Israeli Policies Face Jewish Critics

The HKS Citizen (Harvard Kennedy School)
October 13, 2010
By Sanjeev Bery

Acre by acre, successive Israeli governments have used settlement construction to colonize what is left of Palestinian land.  Meanwhile, a growing chorus of Jewish critics is forcing Israel to choose between its aggressive policies and the path of peace.

After a moratorium of ten months, Israeli Prime Minister Benjamin Netanyahu recently resumed settlement construction in the Palestinian West Bank.  On October 6th, the Israeli newspaper Haaretz reported that Israeli bulldozers had been working “furiously” on the construction of 350 new Jewish-only housing units in the Palestinian region.

It is entirely possible that by the time this piece reaches print, the Netanyahu government may halt its settlement construction once again.  Palestinians have signaled that they would come back to the bargaining table if so.  The U.S. government — Israel’s biggest donor — has offered more incentives if Israel were to comply.

But after decades, the trend remains the same.  As Israel continues building settlements, the debate over a two-state solution becomes less and less relevant.  Over the years, the forced replacement of Palestinian land with Jewish-only neighborhoods has made a viable Palestinian state increasingly difficult to imagine.

Along the way, American taxpayers have been forced to foot the bill for Israeli intransigence.  The U.S. Congress has given billions of dollars to Israel, even as elected U.S. officials continue to posture as neutral arbiters in a conflict that is inextricably linked to U.S. financing.

For too long, the biggest U.S. media outlets have failed to ask why American taxpayers must be forced to financially underwrite Israel’s anti-peace actions.  But those same media voices are finally beginning to explore the notion that the Israeli government may not be truly interested in a viable two-state solution.  Just last month, three major news outlets in the U.S. explicitly or implicitly grappled with this very question.

On September 13th, Time magazine published the cover story “Why Israel Doesn’t Care About Peace.”   Ten days earlier, the Washington Post published an opinion piece in which a UC Hastings law professor called for a one-state solution based on “equal rights rather than ethnic privilege.”

On September 28th, New York Times blogger Robert Wright argued that Palestinians should give up on the current peace process and just campaign for the right to vote in Israeli elections.  As Wright put it, “Before long Israel would be pondering two-state deals more generous than anything that’s been seriously discussed to date.”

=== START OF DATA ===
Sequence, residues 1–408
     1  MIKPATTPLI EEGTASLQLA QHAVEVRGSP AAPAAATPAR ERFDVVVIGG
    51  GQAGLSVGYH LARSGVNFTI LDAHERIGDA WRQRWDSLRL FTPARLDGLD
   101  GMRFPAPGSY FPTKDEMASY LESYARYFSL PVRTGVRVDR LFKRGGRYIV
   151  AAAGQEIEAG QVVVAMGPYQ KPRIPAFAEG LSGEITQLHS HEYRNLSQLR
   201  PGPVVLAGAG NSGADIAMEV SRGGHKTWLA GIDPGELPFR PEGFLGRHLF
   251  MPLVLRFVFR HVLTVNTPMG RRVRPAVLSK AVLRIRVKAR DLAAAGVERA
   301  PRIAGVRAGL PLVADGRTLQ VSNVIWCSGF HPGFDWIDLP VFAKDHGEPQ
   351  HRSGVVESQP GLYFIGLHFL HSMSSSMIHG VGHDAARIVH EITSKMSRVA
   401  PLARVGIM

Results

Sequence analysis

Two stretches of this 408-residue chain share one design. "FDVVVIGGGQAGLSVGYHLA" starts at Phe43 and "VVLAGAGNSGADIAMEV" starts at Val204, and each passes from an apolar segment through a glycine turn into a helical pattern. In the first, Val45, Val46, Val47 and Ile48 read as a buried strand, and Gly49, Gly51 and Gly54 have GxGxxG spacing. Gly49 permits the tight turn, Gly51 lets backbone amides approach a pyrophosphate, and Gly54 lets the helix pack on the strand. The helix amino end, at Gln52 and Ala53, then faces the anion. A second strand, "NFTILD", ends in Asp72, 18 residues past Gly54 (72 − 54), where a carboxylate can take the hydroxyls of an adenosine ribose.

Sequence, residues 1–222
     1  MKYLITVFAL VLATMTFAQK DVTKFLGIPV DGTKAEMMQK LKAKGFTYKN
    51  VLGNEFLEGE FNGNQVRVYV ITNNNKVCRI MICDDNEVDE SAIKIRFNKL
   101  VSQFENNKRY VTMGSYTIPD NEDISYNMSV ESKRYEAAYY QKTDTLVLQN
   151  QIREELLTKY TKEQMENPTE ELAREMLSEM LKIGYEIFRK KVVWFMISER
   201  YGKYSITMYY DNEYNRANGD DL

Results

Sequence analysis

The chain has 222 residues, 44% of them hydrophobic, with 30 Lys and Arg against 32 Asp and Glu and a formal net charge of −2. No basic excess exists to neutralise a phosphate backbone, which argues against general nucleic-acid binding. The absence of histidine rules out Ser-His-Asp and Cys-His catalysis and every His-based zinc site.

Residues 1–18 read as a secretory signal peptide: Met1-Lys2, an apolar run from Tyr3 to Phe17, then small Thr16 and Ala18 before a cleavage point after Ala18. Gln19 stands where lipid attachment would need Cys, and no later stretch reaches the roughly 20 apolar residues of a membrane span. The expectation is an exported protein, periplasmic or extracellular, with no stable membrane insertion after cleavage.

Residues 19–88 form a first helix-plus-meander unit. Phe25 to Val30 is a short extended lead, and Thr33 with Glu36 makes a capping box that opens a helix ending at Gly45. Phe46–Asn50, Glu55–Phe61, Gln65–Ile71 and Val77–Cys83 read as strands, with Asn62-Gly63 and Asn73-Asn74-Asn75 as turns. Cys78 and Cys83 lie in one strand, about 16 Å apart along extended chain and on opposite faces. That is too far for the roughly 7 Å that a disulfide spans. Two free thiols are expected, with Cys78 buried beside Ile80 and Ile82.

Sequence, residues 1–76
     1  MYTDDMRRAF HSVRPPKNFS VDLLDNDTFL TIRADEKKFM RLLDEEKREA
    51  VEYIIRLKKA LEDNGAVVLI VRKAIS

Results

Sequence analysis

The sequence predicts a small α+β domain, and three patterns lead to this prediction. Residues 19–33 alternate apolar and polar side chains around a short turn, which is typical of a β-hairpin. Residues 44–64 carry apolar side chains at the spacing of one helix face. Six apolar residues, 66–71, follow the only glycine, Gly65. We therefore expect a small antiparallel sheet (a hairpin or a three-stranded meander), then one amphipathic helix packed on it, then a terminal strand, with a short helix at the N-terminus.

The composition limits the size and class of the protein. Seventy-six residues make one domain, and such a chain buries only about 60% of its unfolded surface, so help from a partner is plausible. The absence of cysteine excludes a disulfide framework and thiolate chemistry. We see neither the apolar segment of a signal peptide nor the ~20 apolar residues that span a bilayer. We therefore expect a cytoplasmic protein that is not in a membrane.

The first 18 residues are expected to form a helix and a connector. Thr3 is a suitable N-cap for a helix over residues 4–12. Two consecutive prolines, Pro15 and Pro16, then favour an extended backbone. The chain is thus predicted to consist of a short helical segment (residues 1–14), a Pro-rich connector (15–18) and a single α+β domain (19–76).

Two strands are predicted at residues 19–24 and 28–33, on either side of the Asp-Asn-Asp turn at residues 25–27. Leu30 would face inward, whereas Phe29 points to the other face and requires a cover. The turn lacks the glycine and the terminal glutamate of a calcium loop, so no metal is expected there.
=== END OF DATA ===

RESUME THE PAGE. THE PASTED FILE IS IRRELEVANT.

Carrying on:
When Time, the Washington Post, and the New York Times all exhibit similar levels of skepticism towards Israeli policy, something is changing.  The Netanyahu Administration may still receive blank check support from U.S. politicians, but U.S. media outlets, and increasingly the American public, are less and less likely to go along for the ride.  Perhaps that’s why Harvard has been visited by three different Israeli politicians in the past month.  In politics, the war of perceptions comes first.  As Israeli bulldozers continue their work, Israeli officials are doing their best to contain the bad publicity in the U.S.

The actions of the Netanyahu government have forced Israeli officials to engage in elaborate gymnastics of justification.  Consider the recent comments of Israeli Ambassador Michael Oren, who offered a twisted defense of renewed settlement construction for The New York Times:

“It is a read-my-lips moment,” Mr. Oren told the Times.  “This establishes credibility, not just for the Israelis but for the Palestinians. Establishing that the man [Netanyahu] is true to his word is going to be a very important asset going forward.”

Fortunately, such spin is being directly challenged by conscientious Jews worldwide.  In the U.S., for example, the “pro-peace, pro-Israel” organization J Street has repeatedly called for an end to Israeli settlement construction and the lifting of the blockade of Gaza.

Some are willing to go even further, putting their values and faith above all else.  Jewish organizations from the U.K., Germany, and the U.S. recently sent a ship full of Jewish activists to Gaza, home of 1.5 million Palestinians.  The ship’s cargo included toys, textbooks, and prosthetic limbs, but the Israeli Navy blocked it from reaching its destination.

One of the passengers on board was 82-year-old Holocaust survivor Reuven Moskovitz, whose participation demonstrates the unifying power of the human spirit.  His involvement in the Jewish boat to Gaza served as a reminder to many that the historic persecution of the Jewish people need not feed the current tragedy of the Palestinian condition.

In the words of Mr. Moskovitz, “We are two peoples, but we have one future.”

Sanjeev Bery is the Executive Director of Freedom Forward (http://freedomforward.org).  He is a midcareer MPA candidate at HKS.

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